Romania Basic Information
Basic data
Capital Bucharest (București, Bucharest)
Population 19.2 million
Language Romanian, at the level of local administration it is also possible to use minority languages ​​in some areas
Religion Christianity (81% Romanian Orthodox Church)
State system republic (multi-party parliamentary system with strong powers of the president, 2 chambers of parliament)
Head of State Klaus Iohannis
Head of government Nicolae Ciuca
Currency name Romanian leu, 100 bani, (ISO 4217 code is RON)
Time shift +1 hour
Economy 2021
Nominal GDP (billion USD) 679.5
Economic growth (%) 6.5
Inflation (%) 5.1
Unemployment (%) 5.4

According to Destination Explorer, Romania is a semi-presidential republic and has a bicameral parliamentary system. The Senate (upper chamber) has 136 seats and the Chamber of Deputies (lower chamber) 330. Both chambers are elected directly, for a four-year term, from 43 multi-member constituencies comprising 41 regions + the Bucharest capital district and the diaspora district. The head of state is the president, currently Klaus Iohannis. As of November 2021, the country is governed by the so-called grand coalition consisting of the Social Democratic Party (PSD), the National Liberal Party (PNL) and the Democratic Union of Hungarians in Romania (UDMR). The government is also traditionally supported by 18 MPs elected for national minorities. The coalition has a clear supermajority in both chambers of parliament. The National Bank of Romania (the central bank) will regulate the fluctuations of the Romanian currency, and although Romania should have no problems financing its deficits, they pose a risk to currency stability. In the past, Romanian government institutions did not meet EU standards and were monitored under the Cooperation and Verification Mechanism. In foreign relations, trade and security relations with the EU and the US will not change significantly, Romania will continue to benefit from close relations with the US. From 2019 or 2020 is the European top prosecutor of the European Public Prosecutor’s Office, Romanian Laura Codruţa Kövesi. Romania is a country with significant growth potential, based on the process of economic convergence and technology diffusion. However, the long-term outlook is complex. The quality of Romanian institutions remains at a relatively low level, even taking into account the ongoing changes. The regulatory environment remains insufficient, although the adoption of EU laws and directives is contributing to gradual progress. The demographics are unfavorable, the working-age population will decline substantially, and there is an adverse relationship between overall population growth and the working-age population (the latter is declining faster). The country continues to have large social disparities between regions and between urban and rural areas, and it also ranks high in poverty. The competitiveness of the economy is still based on low costs and wages. The labor market is gradually becoming less available here as well, and a shortage of qualified labor is starting to appear, especially in areas with a higher concentration of investments. The government’s plans for economic recovery rely on green transformation in transport and the fight against climate change, public services, urban development, cultural heritage restoration, and above all on economic competitiveness, resilience and digitalisation. Romania is one of the largest trading partners of the Czech Republic in the region of South-Eastern Europe, which is due not only to the political, economic and trade ties between the two states, but also to the considerable potential of the Romanian market and the relative geographical proximity of the two countries. Romania emerged from the pandemic in 2020 with a drop in GDP of 3.9% and increased unemployment, which rose by 6.1% year-on-year. In 2021, Romania grew by 6.5%, the highest year-on-year rate in recent years. The latest forecasts point to a rather positive, albeit moderate, growth outlook, especially in services, retail, construction and industry. Overall, real GDP should grow by 4.4% in 2022 and 4.2% in 2023. With Russian aggression in Ukraine, data prediction is very difficult. The pandemic in 2020 greatly affected mutual exchange, year-on-year declines from April to August exceeded 20%. Towards the end of the year, the situation began to straighten out, and 2020 ended with a year-long drop in exports of “only” 2%, in imports by approx. 11.5%, the positive balance increased again. According to the preliminary data for the year 2021, last March and April started a great dynamic, and mutual turnover exceeded the threshold of EUR 5 billion in 2021, exports almost EUR billion. The commodity structure of mutual trade as well as key sectors remains unchanged for a longer period of time.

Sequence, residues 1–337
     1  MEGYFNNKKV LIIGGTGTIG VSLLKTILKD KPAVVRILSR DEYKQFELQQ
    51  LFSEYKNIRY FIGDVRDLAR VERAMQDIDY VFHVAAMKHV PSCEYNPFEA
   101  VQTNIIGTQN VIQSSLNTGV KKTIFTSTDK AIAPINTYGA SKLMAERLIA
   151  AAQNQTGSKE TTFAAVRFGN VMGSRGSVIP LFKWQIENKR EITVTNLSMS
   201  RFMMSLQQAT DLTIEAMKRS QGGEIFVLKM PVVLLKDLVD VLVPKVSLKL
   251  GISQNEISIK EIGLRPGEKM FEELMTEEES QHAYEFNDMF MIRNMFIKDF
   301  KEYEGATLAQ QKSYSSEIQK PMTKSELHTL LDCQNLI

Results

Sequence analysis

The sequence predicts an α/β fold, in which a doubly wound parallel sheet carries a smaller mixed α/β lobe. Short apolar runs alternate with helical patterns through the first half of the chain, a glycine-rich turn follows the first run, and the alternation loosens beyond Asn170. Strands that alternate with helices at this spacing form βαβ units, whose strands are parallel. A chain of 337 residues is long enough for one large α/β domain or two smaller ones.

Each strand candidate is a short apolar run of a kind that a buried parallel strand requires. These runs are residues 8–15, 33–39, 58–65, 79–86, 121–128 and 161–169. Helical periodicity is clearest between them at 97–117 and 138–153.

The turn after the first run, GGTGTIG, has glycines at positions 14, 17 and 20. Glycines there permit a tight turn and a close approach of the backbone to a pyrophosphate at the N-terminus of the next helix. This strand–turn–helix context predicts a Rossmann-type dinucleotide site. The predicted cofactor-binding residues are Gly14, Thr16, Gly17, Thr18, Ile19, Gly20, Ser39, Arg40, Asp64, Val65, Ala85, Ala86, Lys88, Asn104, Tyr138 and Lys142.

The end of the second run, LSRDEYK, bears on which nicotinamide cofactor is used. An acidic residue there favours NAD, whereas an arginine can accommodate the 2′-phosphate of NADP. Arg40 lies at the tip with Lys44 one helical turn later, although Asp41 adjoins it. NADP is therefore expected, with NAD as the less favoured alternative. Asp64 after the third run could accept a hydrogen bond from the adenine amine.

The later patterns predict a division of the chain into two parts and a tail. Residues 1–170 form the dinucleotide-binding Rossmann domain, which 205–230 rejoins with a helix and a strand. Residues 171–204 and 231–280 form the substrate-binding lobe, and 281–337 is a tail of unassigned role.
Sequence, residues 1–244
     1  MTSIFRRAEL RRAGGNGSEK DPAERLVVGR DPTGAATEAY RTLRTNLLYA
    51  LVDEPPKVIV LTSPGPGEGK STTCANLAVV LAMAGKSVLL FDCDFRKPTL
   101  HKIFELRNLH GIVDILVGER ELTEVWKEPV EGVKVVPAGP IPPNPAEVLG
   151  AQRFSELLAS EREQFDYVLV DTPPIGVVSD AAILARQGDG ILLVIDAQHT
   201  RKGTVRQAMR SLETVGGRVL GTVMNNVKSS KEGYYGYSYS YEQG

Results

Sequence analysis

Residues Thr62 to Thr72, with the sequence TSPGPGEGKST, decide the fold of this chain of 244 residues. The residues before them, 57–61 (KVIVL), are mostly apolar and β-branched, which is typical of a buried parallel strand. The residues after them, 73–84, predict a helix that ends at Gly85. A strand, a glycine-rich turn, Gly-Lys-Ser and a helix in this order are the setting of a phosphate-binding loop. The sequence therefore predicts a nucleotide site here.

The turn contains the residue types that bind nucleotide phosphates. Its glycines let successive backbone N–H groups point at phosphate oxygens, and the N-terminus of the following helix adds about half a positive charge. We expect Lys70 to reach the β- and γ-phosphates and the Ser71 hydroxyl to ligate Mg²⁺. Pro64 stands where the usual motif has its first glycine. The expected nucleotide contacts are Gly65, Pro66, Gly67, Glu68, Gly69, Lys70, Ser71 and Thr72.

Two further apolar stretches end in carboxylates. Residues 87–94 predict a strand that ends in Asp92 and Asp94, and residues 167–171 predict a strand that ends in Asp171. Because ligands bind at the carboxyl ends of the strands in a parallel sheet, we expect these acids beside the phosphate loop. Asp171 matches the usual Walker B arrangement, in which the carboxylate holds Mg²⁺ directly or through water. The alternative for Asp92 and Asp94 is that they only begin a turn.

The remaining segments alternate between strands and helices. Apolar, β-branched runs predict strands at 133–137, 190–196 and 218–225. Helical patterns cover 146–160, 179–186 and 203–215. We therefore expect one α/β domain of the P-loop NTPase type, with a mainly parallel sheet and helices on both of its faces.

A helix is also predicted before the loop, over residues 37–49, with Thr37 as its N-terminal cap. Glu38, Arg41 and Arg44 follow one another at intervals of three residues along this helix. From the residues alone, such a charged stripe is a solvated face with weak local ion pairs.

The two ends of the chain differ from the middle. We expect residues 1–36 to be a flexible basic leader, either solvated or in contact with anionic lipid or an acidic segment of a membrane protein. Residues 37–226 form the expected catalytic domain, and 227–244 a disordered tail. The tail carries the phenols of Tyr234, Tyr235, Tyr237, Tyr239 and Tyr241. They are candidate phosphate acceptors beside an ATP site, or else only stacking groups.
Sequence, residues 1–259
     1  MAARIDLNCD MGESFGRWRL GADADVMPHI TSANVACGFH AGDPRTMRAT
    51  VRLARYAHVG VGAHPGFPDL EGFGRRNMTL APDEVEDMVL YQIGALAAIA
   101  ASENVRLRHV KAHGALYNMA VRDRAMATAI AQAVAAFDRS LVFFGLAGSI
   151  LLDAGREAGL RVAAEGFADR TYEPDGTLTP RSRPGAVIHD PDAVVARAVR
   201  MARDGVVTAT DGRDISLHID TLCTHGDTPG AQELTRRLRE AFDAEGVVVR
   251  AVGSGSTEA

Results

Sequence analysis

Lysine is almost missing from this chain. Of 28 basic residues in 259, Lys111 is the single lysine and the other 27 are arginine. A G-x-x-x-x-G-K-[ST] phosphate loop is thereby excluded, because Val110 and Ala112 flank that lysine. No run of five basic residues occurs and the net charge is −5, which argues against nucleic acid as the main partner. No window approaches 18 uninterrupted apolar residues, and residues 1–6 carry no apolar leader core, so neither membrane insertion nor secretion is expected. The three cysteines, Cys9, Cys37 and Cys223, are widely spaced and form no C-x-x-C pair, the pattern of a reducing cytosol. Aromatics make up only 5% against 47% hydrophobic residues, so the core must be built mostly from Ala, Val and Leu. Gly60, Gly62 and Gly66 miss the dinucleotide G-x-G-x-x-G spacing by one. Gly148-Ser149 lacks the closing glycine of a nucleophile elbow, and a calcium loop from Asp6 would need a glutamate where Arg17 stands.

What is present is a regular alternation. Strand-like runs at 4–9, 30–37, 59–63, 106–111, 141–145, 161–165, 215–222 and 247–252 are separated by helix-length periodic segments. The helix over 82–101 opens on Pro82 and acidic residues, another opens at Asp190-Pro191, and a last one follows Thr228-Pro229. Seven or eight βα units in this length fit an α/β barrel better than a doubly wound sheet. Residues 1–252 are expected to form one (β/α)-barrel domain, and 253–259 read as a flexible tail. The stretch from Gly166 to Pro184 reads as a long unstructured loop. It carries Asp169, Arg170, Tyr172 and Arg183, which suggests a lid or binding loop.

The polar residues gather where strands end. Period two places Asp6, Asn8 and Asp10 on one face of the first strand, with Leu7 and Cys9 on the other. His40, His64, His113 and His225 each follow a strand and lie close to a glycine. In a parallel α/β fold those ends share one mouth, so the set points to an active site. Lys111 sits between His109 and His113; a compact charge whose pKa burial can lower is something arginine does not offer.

Romania Basic Information